he McLaren P1 came out just over 7 years ago and its presence in the hyper/supercar industry remains mostly unchanged. You would think that its silhouette and statistics would start to get dated being that technology moves so fast nowadays. Fortunately for McLaren, the P1 still looks very futuristic and it is still blistering fast. In the last 5 years however, McLaren has bolstered their line up of cars that now rival the statistics of the P1. One of their newest models, the McLaren 720s, is a prime example of technology and manufacturing catching up and reducing cost. Apart from the P1 being much more limited (only 375 units made), the cost difference is staggering. Even though the McLaren P1 is considered 'old', the average asking price is a staggering $1.3 million USD; while a brand new 720s is only $300,000 USD. You would think that for the price, you must be getting a much better car in the P1. But is this really the case?
Utilizing Hybrid Technology
McLaren was one of the 3 supercar manufactures that incorporated a hybrid powertrain, next to the Porsche 918 and Ferrari LaFerrari. This was huge news at the time, and ushered in a new era of power generation. The McLaren P1 was outfitted with a 3.8L twin turbo V8 engine that by itself produces 789 horsepower. Couple that with its additional electric motor, and the entire powertrain produced 986 horsepower. Close to 1000 horsepower in a car right from the factory is unbelievable in all senses.
The P1 gives the driver the option to use only the gas or electric motor to power the car, or in most cases, simultaneously. By using the cars full power, the P1 is able to go 0-60 in 2.7 seconds and is able to eventually hit the electronically limited top speed of 217 mph.
On top of crazy power stats, its overall weight is something to touch on. Like most supercars of today and hypercars of recent times, the chassis is a monocoque carbon fiber tub that is instrumental at reducing weight. In fact, the whole tub only weighs 90 kg's. McLaren also trimmed some fat in the thickness of the glass. Instead of using a windshield that is 3.2mm, they went for one that is only 2.4mm. This saved 3.5kg's on the overall weight. Although it may not seem significant, every kg counts when your striving for the max power to weight ratio. With all the weight reduction that they were able to accomplish, the P1 comes in at 1547 kg's which is less than most modern day sedans.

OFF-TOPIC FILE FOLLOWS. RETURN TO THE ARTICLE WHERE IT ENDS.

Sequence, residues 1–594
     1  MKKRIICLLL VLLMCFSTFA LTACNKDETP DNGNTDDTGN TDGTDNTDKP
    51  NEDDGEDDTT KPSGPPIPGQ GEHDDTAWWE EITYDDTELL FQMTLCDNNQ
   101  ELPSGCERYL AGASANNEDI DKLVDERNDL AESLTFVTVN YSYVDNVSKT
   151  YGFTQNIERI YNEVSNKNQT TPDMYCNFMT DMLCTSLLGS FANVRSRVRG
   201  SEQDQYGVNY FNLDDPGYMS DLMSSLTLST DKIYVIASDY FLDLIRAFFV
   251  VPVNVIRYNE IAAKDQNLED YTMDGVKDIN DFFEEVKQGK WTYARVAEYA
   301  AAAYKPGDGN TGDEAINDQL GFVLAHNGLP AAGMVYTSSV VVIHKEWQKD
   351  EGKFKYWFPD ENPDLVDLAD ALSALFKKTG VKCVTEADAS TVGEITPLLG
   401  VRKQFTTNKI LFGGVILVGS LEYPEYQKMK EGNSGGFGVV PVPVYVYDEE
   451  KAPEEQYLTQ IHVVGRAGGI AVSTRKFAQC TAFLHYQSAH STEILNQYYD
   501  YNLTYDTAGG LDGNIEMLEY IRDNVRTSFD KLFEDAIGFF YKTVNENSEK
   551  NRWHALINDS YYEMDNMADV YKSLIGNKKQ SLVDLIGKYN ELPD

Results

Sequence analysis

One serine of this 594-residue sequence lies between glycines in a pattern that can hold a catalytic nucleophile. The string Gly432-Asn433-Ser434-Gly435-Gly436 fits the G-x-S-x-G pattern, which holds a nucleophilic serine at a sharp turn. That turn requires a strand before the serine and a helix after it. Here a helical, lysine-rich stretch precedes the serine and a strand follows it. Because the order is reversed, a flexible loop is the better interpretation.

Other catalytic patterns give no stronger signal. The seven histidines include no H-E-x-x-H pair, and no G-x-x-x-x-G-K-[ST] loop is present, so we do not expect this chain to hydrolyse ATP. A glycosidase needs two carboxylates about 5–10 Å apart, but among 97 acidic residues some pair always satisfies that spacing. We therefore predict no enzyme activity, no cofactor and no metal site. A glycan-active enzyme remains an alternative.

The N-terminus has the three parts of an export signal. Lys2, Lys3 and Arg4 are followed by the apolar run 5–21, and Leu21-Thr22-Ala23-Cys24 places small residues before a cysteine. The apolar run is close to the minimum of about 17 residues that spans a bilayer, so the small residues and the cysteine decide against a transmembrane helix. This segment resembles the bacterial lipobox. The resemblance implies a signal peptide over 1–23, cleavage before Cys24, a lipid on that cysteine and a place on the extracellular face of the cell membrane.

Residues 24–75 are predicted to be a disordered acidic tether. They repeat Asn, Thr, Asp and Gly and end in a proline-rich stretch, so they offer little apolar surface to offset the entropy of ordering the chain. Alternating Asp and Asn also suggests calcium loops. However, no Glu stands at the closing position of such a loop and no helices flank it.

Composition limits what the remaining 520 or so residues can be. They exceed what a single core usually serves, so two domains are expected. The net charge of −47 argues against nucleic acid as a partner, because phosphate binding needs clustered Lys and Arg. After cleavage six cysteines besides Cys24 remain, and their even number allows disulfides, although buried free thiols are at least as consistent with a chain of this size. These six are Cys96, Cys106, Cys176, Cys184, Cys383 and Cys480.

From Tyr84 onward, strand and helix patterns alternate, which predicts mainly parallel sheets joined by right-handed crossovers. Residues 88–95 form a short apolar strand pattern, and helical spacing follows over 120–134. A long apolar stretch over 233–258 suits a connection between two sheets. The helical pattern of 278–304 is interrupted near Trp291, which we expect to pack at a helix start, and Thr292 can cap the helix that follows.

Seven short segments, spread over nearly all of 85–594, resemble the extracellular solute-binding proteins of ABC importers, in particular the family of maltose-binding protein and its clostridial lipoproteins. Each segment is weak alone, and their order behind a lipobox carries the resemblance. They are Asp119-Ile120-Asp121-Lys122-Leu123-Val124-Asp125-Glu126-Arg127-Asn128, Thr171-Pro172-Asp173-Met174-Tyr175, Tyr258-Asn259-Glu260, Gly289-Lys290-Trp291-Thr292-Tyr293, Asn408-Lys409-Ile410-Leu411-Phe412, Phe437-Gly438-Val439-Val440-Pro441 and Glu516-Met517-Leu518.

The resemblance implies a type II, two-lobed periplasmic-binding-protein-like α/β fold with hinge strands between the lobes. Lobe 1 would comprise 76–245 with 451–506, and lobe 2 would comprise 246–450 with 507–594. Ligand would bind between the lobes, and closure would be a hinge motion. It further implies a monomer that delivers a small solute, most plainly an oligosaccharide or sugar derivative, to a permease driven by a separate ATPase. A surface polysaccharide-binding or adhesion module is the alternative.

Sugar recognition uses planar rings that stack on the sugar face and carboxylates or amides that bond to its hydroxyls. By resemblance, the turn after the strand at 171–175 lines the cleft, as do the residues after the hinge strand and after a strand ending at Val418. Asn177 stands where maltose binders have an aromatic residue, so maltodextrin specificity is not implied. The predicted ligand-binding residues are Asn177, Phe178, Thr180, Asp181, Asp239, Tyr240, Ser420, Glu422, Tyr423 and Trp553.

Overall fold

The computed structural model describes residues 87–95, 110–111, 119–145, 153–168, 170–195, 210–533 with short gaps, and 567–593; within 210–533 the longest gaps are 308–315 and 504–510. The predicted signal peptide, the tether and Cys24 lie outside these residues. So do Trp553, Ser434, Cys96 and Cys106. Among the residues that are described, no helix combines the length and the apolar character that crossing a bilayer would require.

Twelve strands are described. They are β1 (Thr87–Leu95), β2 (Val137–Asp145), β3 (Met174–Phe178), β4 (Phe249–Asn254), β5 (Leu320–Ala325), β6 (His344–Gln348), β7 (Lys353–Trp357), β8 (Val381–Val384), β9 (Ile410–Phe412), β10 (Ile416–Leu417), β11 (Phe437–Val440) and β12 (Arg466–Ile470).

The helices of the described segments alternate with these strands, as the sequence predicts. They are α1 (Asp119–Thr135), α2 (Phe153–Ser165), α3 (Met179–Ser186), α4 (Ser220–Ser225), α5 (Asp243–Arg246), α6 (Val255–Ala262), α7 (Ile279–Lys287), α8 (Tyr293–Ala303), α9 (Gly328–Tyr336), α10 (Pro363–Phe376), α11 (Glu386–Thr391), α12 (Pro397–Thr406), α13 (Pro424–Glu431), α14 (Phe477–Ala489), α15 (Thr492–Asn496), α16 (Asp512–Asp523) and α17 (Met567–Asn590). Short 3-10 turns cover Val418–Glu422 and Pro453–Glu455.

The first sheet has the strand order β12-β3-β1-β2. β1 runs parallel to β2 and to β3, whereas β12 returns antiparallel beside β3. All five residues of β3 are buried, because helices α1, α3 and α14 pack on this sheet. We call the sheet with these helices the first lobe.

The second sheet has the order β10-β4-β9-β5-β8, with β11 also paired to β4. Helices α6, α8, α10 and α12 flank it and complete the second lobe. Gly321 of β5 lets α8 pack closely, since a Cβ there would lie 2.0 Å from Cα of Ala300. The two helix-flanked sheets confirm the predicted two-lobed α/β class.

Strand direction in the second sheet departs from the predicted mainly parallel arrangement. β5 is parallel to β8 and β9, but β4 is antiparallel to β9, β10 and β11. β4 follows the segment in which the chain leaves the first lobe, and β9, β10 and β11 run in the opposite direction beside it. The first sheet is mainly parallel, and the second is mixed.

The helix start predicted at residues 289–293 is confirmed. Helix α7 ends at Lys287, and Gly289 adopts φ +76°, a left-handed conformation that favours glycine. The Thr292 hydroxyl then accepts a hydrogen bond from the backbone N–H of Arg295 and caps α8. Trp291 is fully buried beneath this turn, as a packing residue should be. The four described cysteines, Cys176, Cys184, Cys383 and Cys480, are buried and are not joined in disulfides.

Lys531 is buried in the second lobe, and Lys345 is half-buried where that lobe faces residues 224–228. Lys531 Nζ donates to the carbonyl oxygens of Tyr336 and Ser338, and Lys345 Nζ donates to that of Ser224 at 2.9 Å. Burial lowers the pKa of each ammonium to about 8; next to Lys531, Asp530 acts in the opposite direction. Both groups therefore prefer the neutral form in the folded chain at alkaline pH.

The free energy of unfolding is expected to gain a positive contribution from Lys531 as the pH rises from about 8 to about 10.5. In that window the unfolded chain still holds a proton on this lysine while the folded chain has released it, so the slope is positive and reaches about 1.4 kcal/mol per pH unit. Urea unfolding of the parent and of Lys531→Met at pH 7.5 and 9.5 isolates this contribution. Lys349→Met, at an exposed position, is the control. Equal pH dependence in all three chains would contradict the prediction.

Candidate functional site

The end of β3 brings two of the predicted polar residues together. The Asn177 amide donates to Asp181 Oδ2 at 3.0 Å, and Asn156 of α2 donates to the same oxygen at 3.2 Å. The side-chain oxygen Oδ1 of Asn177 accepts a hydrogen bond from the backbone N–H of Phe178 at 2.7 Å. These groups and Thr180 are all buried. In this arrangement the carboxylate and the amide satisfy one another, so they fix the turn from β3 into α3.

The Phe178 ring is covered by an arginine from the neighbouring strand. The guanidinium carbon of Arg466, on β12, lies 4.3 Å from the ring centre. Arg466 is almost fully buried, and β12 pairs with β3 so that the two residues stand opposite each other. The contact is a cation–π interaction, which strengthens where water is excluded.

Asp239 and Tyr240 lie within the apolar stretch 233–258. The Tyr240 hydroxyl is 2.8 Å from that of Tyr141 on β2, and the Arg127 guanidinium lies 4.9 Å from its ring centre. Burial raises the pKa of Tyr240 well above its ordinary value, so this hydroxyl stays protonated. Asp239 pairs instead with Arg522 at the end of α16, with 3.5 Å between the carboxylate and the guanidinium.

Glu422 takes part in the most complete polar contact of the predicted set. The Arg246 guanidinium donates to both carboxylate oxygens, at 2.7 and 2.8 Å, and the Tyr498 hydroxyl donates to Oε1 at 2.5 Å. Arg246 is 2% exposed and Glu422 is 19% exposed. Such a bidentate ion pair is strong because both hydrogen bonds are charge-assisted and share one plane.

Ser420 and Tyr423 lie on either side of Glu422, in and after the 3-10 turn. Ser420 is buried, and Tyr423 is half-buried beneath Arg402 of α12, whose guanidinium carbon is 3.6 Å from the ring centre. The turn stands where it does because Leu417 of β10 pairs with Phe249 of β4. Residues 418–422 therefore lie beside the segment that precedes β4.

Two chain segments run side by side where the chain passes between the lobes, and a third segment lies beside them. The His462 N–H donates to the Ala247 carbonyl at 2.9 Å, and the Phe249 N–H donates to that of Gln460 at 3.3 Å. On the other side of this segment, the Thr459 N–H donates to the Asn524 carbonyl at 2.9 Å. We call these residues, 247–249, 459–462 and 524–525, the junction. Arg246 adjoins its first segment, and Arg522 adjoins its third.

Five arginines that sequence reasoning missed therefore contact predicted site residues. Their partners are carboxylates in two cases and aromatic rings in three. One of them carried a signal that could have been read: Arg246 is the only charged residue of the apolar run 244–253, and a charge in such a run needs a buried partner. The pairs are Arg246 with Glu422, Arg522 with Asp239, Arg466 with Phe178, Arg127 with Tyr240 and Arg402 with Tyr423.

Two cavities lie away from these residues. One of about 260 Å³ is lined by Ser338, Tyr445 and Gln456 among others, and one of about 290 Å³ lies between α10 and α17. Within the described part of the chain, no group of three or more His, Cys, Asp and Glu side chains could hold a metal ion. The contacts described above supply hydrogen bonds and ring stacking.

Another interesting point to touch on is the actual cost of the car. Like stated previously, the asking price for a P1 now is roughly $1.3 million which is almost $150,000 more than the original MSRP. This price increase is mostly due to the limited production numbers which may seem slightly obvious. From a pure investment perspective, whoever was able to purchase one out of the gate is most likely very happy.
The New Age McLaren
In 2018, McLaren released their new flagship model, the 720s. The 720s has a 4.0L twin turbo V8 rather than a 3.8L V8 and does not utilize hybrid technology. Although it has a more conventional engine setup, it is still able to push out 710 horsepower. Even though it has more than 200 horsepower less than the P1, it has almost the exact same 0-60 time of 2.8 seconds. This may because the 720s is actually lighter than the millionaire dollar P1. Even with certain spec upgrades, the 720s weighs in 100 kg's less than that of the P1. The 720s still comes standard with a 7 inch info-tainment touchscreen, surround sound speakers and 3 different external cameras to assist in driving and parking.
McLaren 720s vs McLaren P1
Aesthetically speaking, both are beautiful cars, extremely powerful and light weight. So why is one so much more expensive than the other?
Like we touched on earlier, this is mostly due to production numbers. The P1 was limited to only 375 cars worldwide. The 720s came out in 2018 and McLaren has revamped the model slightly every year. It is uncertain whether or not they will stop production anytime soon, but McLaren has recently released a new faster version of the 720s called the 765LT. This version is faster, lighter and gives the driver a much more raw race car feel when driving.
McLaren is infamous for car malfunction and little issues that compound. No matter the model, most owners will tell you that they have had some sort of issue over the tenure of them owning a McLaren. It is for this reason that almost every McLaren model goes down in value until the final production numbers are announced. If the model is limited like the P1, it is much more likely to hold its value and/or retain its original value.
It is undeniable that both the McLaren P1 and the McLaren 720s are amazing cars and extremely fast. The stats speak for themselves though. In the 5 years between production of both vehicles, McLaren was able to include the newest technology that was once valued at much higher cost. Apart from the investment upside for the P1, the obvious choice between the two would be the McLaren 720s.